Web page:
Monsoon Wedding turned the slow grinding of cross-culture gears into a comfy piece of visual pop. It confronted the situation but seemed complacent enough to leave the confrontation in simple, digestible terms; a stylized My Big Fat Greek Wedding. In contrast, Vanity Fair, originally a satire of England's manners and traditions, was taken deep into the mystic, hitting its most absurd note when Reese Witherspoon seductively belly danced with a tribe of women from India. Though it was easy to see where these moments were pointing, The Namesake gives Nair a broad canvas and a more concise frame to study the American identity and its effects on other cultures without any affectation or pretense.
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The story's awfully familiar. The boys scrape by, in this case selling tea, while the girls are pimped out as virgins for hire. Eventually our hero (Shafiq Syed) finds his money stolen, so he has to turn to a life of crime. Really, one wonders why he didn't become a criminal in the first place.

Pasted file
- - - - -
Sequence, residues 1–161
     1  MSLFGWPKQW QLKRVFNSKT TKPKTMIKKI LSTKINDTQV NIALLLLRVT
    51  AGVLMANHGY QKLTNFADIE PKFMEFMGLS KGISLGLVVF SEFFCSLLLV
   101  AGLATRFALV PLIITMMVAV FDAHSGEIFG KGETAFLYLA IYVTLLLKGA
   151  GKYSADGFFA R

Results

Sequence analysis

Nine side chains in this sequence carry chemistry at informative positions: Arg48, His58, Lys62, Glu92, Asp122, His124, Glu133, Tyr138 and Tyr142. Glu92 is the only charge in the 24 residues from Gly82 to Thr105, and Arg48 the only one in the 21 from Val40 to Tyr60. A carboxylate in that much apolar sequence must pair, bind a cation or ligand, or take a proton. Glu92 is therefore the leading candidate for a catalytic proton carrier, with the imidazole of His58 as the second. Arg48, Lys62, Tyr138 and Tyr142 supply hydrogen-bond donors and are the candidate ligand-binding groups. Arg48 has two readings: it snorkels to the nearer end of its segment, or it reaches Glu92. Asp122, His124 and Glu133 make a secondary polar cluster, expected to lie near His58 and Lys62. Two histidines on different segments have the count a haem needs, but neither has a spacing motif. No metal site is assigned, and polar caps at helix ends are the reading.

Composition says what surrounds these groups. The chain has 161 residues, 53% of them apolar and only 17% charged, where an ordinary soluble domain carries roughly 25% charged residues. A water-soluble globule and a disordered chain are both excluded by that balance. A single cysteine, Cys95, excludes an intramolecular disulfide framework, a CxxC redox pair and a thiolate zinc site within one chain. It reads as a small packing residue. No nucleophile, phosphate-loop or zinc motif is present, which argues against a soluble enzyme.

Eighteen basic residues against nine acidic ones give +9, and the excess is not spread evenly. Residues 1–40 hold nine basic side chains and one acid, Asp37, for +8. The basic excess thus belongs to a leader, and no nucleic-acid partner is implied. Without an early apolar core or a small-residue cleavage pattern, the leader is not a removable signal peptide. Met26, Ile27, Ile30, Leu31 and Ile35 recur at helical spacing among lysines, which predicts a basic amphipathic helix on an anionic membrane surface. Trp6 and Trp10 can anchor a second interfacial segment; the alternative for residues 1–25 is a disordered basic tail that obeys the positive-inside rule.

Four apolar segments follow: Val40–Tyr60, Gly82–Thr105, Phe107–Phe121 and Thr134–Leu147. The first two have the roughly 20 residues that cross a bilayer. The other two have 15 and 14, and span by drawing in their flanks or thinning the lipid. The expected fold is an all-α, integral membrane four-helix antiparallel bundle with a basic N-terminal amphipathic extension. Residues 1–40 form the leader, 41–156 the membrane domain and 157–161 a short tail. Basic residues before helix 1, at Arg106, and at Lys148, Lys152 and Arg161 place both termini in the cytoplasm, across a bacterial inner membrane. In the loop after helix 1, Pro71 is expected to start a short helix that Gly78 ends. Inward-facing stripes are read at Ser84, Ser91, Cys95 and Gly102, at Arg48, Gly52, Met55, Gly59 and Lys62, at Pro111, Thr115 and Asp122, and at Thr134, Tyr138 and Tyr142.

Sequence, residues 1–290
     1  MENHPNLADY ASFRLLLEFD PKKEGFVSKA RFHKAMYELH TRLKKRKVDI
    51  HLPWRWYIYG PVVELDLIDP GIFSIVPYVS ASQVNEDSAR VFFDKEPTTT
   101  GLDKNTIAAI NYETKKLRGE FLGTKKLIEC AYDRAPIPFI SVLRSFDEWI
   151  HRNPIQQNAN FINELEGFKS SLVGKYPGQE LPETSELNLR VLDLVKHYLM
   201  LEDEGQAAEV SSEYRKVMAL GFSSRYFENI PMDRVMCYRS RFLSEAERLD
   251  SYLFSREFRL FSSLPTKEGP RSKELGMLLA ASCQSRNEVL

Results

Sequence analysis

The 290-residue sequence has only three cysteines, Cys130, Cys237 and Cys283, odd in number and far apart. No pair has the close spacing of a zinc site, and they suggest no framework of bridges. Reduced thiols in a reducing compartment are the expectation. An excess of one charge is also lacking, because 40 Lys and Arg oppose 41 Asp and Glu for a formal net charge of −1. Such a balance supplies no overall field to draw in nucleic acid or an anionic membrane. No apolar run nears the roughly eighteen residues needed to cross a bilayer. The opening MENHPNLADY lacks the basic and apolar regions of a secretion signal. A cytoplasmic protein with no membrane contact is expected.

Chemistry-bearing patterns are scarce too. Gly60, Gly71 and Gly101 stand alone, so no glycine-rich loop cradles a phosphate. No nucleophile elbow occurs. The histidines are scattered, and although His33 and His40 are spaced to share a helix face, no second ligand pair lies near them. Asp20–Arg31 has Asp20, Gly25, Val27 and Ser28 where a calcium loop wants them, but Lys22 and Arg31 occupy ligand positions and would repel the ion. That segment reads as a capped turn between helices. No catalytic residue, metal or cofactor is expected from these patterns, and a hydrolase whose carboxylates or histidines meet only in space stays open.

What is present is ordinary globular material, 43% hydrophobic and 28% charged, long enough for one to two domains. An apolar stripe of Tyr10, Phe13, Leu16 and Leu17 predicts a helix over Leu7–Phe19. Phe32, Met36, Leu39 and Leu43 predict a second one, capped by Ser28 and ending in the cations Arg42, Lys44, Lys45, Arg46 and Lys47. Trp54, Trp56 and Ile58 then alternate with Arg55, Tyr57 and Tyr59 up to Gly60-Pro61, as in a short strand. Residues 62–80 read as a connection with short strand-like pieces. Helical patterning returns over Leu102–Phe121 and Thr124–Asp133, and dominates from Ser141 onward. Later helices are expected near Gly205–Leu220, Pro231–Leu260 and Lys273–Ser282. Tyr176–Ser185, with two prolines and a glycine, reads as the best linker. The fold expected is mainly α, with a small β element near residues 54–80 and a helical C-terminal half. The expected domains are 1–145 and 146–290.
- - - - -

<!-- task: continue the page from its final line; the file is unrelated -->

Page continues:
Continue reading: Salaam Bombay! Review
An album re-release, a new song and a documentary mark the singer's legacy this year.
The film will be the first in the Marvel Cinematic Universe led by a person of colour.
The actor plays the titular hero in the forthcoming adaptation.